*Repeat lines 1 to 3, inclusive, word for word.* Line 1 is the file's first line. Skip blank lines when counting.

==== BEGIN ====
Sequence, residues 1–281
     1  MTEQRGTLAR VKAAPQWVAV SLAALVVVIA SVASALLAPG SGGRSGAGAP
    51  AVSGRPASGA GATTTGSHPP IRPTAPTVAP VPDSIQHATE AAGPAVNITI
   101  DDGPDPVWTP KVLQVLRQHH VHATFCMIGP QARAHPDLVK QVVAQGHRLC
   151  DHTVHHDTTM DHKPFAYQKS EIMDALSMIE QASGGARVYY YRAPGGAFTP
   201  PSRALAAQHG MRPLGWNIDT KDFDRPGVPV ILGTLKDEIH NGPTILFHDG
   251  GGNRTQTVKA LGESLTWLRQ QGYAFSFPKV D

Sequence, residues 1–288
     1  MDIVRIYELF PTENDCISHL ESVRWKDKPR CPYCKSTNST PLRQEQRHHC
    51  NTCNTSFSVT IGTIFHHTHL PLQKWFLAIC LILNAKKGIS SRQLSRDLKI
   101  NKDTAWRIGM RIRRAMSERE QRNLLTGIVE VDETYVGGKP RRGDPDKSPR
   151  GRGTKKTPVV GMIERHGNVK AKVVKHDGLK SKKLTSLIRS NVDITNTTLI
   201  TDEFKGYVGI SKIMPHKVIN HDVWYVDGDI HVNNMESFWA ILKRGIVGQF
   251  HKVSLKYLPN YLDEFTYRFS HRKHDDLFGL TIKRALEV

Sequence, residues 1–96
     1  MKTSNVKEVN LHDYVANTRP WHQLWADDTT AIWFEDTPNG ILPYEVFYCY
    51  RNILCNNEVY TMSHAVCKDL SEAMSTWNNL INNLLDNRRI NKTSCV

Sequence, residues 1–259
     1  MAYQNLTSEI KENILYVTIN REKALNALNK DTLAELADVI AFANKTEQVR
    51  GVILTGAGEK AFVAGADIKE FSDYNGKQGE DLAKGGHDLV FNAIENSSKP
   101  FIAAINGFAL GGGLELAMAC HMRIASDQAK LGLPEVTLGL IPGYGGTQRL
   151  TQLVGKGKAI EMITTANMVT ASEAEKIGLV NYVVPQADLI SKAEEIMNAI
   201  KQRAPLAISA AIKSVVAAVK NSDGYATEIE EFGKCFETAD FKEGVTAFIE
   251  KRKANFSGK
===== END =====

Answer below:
Sequence, residues 1–281
     1  MTEQRGTLAR VKAAPQWVAV SLAALVVVIA SVASALLAPG SGGRSGAGAP
    51  AVSGRPASGA GATTTGSHPP IRPTAPTVAP VPDSIQHATE AAGPAVNITI